Local Stawell resident Lauren Dempsey, will conquer Mt Kosciuszko this long weekend to raise money for R U OK? and continue her mission to reduce the stigma associated with mental illness.
R U OK? is a not-for-profit organisation founded in 2009 by Gavin Larkin, designed to begin conversations and bring the world together so we are all connected and protected from suicide.
On Friday she will travel to Jindabyne in New South Wales before trekking up the 2,228m high mountain on Saturday. She will be joined by travellers from across the country alongside members of Huma Charity Challenge – the organisers of the event. R U OK? Ambassadors will also conquer the mountain, including media personality ‘Commando’ Steve Willis and performer Rob Mills.
Dempsey works at the Grampians Pyrenees Primary Care Partnership in Ararat as a Health Promotion Coordinator, travelling from her home in Stawell. She also has a strong passion for spreading mental health awareness due to her own experiences with depression and anxiety.
‘Mental illness can make a person feel isolated and alone and the journey can involve many ups and downs. I wanted to open up and share my story with others in the hope of helping others to not feel as alone as I did when I was experiencing my worst,’ explained Dempsey.
A $700 fundraising goal was set when she first joined the challenge but that number was quickly overtaken, as of publishing she has raised $1,122.70 for the organisation.
This adventure isn’t the first for the 28-year-old, who tackled the Himalayas of Bhutan in 2015 when she raised over $5,000 for the Black Dog Institute, another mental health organisation.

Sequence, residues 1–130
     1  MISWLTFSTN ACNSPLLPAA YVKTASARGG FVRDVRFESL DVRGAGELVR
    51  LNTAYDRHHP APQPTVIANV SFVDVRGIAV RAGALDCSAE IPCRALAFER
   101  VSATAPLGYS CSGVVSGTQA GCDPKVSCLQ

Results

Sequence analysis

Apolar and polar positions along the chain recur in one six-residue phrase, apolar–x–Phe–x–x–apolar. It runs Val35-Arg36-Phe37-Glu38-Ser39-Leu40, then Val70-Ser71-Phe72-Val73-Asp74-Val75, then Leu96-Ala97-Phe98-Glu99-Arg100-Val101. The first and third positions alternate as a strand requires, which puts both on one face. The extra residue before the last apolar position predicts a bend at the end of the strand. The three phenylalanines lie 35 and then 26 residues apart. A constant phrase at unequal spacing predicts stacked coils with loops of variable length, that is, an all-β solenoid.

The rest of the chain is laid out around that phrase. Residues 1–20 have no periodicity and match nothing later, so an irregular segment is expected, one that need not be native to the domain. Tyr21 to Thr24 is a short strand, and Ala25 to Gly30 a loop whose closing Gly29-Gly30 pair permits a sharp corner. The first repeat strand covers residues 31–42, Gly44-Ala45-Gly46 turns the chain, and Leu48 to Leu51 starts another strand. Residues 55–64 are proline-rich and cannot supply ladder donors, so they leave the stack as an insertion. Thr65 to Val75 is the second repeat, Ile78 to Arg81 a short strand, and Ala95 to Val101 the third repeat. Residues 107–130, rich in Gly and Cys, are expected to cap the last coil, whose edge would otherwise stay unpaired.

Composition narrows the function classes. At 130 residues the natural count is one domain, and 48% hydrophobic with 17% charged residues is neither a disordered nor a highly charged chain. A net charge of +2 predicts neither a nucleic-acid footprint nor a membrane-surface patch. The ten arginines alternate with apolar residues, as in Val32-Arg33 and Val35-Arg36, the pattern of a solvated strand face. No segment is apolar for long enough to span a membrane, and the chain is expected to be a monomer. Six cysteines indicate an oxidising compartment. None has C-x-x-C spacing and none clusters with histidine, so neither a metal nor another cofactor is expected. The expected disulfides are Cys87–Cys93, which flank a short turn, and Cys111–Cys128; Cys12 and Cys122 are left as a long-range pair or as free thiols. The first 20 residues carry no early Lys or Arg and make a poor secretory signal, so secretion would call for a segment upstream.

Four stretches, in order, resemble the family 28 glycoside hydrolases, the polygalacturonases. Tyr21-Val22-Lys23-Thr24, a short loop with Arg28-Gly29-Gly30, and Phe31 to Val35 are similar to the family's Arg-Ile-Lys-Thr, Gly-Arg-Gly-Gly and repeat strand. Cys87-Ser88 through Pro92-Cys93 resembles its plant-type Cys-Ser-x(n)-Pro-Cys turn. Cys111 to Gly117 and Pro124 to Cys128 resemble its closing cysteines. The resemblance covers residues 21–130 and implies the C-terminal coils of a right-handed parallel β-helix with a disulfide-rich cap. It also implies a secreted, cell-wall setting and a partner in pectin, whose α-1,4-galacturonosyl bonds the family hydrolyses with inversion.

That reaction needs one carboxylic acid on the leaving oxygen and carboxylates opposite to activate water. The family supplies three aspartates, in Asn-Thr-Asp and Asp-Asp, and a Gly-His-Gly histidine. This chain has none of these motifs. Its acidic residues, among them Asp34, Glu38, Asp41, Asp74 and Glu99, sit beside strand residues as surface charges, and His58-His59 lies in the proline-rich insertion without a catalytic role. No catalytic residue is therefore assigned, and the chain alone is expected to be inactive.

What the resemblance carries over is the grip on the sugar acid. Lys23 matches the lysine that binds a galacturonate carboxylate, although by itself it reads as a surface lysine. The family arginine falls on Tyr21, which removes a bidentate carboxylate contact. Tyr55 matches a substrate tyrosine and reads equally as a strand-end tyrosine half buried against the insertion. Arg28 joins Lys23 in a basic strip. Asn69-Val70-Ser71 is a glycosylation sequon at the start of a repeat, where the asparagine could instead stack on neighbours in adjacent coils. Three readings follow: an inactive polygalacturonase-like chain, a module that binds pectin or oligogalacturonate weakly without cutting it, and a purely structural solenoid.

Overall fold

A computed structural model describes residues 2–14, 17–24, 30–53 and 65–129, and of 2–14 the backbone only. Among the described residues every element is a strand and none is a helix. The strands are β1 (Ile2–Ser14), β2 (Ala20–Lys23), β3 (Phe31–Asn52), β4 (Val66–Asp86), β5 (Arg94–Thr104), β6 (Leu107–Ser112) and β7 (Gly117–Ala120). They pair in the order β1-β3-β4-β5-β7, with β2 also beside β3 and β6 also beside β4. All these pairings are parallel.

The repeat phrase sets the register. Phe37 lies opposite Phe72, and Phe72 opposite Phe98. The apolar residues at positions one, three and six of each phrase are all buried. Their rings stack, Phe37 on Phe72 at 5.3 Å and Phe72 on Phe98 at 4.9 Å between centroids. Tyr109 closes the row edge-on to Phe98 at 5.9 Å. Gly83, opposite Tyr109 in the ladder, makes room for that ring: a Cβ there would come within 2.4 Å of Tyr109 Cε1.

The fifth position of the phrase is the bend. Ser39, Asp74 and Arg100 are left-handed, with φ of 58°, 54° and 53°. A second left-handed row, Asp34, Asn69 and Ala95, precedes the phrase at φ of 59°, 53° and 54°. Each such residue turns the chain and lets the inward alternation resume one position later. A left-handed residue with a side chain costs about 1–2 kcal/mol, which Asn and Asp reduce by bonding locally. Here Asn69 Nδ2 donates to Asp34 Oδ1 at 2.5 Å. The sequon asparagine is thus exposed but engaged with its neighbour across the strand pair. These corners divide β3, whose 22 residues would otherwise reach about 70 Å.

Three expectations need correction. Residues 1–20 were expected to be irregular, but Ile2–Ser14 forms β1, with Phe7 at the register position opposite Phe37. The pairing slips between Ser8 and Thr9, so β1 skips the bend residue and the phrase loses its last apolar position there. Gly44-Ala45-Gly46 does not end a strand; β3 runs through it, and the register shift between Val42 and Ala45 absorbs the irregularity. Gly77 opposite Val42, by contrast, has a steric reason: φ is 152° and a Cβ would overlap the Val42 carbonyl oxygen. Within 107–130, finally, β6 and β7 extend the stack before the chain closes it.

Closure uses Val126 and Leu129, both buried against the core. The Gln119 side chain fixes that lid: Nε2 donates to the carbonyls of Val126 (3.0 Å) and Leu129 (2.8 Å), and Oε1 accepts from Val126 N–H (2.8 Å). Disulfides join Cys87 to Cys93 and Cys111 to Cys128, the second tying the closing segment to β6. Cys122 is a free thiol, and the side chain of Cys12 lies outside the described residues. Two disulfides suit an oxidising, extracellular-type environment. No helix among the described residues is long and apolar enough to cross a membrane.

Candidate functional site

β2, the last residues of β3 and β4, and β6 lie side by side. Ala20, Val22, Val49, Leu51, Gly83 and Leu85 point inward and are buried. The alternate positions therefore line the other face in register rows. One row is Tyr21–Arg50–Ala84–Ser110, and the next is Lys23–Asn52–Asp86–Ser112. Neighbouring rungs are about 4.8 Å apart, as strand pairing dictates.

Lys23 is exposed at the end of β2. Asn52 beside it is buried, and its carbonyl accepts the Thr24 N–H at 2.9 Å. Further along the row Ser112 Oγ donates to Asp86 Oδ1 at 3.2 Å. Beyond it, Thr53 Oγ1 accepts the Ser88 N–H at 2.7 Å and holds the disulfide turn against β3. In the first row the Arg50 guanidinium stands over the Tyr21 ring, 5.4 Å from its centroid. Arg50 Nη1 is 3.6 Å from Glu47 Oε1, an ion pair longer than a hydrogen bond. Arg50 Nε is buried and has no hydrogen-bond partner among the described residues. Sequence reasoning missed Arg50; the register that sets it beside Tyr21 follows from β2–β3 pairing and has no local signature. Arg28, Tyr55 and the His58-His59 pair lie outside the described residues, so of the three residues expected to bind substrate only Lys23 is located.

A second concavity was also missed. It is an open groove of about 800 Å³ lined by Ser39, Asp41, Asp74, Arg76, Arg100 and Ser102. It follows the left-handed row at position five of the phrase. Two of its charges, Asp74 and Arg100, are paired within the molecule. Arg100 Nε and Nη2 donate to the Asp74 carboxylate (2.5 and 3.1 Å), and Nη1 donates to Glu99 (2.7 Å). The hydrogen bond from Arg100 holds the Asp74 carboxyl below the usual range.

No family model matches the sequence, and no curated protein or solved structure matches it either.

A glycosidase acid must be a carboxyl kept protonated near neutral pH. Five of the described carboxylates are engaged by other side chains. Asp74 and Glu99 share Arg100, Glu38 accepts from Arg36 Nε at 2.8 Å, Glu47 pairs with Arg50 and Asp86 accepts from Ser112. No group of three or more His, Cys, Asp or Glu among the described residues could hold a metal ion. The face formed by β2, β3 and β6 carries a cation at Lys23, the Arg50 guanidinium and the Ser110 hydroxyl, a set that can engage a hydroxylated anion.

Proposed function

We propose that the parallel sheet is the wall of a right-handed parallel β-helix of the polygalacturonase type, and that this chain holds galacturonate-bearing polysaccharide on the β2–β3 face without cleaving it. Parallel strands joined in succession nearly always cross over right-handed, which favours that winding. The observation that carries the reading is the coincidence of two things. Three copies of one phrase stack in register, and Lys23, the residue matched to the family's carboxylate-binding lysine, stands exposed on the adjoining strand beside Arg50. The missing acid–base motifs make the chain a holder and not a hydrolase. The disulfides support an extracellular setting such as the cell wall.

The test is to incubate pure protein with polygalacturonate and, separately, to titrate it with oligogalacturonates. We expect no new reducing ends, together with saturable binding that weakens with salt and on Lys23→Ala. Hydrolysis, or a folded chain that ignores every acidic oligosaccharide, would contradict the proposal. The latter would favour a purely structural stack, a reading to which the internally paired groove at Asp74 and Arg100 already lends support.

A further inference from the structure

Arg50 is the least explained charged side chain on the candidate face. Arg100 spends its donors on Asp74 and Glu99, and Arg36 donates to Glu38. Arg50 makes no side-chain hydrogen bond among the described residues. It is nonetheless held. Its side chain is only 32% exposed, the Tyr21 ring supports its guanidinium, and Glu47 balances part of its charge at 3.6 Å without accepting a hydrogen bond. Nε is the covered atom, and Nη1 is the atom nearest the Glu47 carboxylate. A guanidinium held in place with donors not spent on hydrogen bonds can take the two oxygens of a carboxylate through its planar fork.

In 2017, suicide was the leading cause of death for Australians between 15-44 years of age, with 3,000 people across all age groups taking their own lives and another 65,000 attempting to. Dempsey says that resources are especially minimal in regional Australia so we need to look out for one another.
“If we can work together to build a resilient community, we can take one step closer towards the prevention of mental illness. Prevention and early intervention is important to stop the statistics increasing.”
She says that people need to know they can reach support services at Grampians Community Health or by visiting their GP to organise a mental health plan and obtain free or subsidised psychologist sessions.
“I hope we get to a point one day where we can all talk about our struggles openly with people and feel supported to seek help and talk openly. You are not alone. It’s okay not to be okay.”
Dempsey has been heading to the gym most days in preparation for the climb, as well as utilising the Grampians for training. She will continue to spread mental health awareness into the future and is in the process of compiling personal experiences for a possible publication.
Readers seeking support and information about suicide prevention and mental health support can contact Kids Helpline on 1800 551 800 or Lifeline on 13 11 14.
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